A new US study reports that older people with vitamin D deficiency seem to have a substantially increased risk of developing dementia and Alzheimer’s disease.
The observational study measured blood vitamin D concentrations of 1,658 mental and cardiovascular healthy adults aged 65 and over and documented cases of dementia such as Alzheimer’s disease during six years (1). The study results showed that participants who were moderately deficient in vitamin D (25 to 50 nmol/L) had a 53% increased risk of developing dementia of any kind, and the risk increased to 125% in those who were severely deficient (below 25 nmol/L). Similar results were recorded for Alzheimer’s disease, with the moderately deficient group 69% more likely to develop this type of dementia, increasing to a 122% elevated risk for those severely deficient. Vitamin D blood levels above 50 nmol/L were most strongly associated with good brain health.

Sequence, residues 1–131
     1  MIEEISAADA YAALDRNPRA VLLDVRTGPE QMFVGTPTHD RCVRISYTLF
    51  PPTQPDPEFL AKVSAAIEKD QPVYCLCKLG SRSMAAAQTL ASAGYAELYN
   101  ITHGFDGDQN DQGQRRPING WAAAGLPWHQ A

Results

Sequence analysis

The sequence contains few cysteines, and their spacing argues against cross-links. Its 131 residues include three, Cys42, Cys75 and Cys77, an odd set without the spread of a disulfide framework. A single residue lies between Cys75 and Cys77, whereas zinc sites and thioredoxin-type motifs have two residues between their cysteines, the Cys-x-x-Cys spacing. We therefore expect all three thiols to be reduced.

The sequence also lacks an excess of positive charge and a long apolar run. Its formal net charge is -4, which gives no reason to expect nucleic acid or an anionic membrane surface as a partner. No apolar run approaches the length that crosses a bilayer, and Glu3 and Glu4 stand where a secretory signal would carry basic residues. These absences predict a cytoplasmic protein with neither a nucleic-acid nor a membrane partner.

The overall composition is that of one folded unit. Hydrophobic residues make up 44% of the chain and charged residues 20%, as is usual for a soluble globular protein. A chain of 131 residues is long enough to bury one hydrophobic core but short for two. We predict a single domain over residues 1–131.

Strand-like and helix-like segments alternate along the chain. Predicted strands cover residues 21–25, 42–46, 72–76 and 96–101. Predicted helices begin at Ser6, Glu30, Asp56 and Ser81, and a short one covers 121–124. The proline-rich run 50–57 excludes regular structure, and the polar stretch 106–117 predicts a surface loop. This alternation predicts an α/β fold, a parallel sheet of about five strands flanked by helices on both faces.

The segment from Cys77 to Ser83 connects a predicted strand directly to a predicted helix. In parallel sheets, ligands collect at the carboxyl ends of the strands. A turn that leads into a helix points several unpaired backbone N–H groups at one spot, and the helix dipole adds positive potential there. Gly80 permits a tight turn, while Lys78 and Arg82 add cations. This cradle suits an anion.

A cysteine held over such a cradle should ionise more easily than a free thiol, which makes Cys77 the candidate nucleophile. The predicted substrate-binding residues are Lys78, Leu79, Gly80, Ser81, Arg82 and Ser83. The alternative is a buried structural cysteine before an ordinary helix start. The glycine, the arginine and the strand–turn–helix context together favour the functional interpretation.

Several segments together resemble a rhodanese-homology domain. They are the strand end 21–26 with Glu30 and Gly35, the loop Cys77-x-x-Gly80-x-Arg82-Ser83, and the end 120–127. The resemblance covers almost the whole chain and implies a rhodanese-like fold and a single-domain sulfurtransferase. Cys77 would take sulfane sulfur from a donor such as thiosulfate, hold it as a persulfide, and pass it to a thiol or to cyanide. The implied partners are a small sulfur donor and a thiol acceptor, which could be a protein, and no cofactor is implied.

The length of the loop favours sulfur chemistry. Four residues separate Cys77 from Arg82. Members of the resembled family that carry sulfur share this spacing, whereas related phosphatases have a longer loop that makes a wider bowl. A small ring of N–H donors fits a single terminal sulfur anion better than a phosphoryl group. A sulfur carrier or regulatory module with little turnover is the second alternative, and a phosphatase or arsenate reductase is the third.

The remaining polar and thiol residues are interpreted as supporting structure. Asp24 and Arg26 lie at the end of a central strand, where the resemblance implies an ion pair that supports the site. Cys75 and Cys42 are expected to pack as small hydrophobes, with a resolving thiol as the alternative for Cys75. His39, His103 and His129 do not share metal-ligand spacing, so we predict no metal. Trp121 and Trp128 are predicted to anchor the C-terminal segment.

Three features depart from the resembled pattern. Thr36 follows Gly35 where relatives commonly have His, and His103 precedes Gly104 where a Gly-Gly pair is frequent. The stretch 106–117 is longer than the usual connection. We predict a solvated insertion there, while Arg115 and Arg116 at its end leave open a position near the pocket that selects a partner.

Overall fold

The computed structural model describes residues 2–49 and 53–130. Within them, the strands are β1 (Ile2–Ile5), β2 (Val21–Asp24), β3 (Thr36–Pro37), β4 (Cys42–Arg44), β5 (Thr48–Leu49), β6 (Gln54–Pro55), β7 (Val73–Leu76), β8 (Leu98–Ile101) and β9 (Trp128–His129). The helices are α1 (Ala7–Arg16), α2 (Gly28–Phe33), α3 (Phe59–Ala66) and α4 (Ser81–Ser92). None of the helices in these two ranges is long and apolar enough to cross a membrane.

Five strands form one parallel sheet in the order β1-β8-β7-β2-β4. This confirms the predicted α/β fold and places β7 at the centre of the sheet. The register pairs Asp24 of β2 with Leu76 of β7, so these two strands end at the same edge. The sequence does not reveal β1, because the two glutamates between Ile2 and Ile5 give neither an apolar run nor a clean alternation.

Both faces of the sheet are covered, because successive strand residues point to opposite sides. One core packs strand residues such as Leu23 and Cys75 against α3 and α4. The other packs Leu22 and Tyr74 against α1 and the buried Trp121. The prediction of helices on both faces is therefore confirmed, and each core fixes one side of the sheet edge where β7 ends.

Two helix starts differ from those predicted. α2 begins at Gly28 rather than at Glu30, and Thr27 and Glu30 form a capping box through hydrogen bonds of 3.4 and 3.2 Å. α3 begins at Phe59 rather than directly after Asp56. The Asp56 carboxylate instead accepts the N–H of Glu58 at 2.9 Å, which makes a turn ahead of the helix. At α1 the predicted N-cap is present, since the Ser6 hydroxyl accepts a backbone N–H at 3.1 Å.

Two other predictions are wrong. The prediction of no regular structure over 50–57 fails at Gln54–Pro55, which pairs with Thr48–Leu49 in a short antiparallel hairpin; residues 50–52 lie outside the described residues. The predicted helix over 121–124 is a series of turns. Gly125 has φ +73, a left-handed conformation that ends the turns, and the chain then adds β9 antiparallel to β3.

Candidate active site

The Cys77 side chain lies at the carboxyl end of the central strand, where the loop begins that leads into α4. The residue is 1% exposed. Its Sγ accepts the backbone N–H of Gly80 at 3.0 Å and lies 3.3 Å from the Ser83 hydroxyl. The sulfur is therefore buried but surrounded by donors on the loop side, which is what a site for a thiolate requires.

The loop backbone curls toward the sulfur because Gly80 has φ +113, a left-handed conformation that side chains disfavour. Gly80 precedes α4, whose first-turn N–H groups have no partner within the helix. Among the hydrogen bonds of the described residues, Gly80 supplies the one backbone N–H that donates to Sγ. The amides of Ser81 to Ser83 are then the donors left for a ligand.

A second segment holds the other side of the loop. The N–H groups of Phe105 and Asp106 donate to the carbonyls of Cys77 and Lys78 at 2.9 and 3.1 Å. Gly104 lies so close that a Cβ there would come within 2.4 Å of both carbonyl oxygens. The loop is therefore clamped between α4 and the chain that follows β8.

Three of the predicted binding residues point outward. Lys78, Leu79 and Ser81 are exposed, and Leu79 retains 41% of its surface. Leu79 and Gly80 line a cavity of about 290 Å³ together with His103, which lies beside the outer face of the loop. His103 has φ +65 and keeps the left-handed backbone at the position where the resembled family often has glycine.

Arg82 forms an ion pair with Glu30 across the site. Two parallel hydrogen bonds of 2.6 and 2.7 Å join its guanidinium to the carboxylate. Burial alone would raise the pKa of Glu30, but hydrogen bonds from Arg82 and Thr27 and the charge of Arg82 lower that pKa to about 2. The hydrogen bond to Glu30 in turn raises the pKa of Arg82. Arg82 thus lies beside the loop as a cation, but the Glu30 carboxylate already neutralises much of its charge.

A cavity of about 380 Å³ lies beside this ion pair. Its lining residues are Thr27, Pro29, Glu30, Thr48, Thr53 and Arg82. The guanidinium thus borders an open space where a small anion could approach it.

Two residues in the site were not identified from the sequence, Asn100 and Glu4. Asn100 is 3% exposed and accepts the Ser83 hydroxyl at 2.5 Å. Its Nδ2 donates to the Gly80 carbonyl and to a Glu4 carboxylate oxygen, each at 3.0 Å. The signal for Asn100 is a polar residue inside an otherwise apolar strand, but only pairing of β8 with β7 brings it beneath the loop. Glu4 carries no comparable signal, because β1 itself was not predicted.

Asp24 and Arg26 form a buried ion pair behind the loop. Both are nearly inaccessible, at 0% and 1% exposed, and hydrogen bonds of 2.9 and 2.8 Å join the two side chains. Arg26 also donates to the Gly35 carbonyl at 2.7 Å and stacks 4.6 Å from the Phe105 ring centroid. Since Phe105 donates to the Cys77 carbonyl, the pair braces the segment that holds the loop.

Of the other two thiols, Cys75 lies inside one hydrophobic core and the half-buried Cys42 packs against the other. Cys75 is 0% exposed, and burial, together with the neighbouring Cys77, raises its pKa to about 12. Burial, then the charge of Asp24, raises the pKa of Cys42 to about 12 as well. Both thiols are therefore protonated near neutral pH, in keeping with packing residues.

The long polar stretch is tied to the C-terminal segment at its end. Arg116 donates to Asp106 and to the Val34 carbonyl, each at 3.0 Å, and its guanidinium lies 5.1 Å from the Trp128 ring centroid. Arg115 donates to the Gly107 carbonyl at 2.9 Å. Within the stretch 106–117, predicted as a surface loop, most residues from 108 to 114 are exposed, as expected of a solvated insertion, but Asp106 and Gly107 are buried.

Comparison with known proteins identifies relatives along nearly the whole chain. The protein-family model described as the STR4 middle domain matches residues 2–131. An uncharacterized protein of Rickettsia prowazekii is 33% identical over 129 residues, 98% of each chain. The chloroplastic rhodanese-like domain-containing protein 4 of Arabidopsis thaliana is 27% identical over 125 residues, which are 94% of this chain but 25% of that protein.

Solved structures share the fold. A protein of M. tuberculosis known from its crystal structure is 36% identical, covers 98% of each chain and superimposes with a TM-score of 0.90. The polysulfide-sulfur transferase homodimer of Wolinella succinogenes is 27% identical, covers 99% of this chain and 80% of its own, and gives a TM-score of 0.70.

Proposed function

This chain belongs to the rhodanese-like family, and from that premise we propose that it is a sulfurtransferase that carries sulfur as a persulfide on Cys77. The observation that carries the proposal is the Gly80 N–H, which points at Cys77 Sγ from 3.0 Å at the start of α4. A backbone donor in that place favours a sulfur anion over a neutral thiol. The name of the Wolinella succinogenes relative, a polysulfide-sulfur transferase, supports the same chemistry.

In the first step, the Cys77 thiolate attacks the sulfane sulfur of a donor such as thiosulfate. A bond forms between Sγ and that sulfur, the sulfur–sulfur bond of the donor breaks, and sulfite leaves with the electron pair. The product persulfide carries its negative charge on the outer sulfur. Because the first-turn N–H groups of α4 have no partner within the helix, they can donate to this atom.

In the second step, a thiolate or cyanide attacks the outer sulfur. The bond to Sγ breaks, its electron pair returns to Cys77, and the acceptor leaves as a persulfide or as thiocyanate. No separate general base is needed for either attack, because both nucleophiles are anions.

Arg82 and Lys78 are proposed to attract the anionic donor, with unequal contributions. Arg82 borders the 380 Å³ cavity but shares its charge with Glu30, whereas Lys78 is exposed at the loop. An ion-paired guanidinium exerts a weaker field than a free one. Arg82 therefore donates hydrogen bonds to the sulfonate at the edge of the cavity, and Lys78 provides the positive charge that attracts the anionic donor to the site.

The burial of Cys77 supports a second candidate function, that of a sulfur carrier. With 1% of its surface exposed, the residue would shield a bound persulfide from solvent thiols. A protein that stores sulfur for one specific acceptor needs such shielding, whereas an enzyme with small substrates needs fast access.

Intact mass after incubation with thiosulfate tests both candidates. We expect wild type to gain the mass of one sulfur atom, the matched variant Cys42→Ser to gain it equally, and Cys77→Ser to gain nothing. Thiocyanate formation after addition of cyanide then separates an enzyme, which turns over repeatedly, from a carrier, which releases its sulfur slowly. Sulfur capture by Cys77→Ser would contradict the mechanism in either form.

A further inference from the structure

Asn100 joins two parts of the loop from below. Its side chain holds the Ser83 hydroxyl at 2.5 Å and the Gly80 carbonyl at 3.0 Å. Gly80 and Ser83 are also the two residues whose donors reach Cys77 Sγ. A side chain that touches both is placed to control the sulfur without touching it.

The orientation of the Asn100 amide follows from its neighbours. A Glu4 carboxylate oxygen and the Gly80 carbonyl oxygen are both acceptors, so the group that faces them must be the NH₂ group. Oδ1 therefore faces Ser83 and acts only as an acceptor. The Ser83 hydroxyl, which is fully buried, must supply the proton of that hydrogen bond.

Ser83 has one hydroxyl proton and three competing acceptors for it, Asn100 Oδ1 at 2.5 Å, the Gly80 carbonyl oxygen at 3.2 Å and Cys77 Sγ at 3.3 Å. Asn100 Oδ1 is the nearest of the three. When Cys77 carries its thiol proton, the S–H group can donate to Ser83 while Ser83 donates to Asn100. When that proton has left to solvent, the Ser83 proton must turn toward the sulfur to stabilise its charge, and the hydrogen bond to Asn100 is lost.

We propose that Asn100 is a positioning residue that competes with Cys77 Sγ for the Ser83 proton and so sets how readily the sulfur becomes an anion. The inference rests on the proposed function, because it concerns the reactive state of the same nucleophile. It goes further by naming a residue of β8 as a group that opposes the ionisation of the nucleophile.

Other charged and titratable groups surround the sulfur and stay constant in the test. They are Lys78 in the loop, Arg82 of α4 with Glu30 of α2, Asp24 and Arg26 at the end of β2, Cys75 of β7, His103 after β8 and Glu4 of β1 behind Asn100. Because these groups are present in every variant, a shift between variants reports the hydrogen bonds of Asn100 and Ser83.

The researchers commented that clinical trials are now needed to establish whether eating foods such as oily fish or taking vitamin D supplements can delay or even prevent the onset of Alzheimer’s disease and dementia. The new results do not demonstrate that low vitamin D levels cause dementia. It has been estimated that 44 million people worldwide suffer from dementia – a number expected to triple by 2050 as a result of rapid population aging. A billion people worldwide are thought to have low vitamin D levels and many older adults may experience poorer health as a result.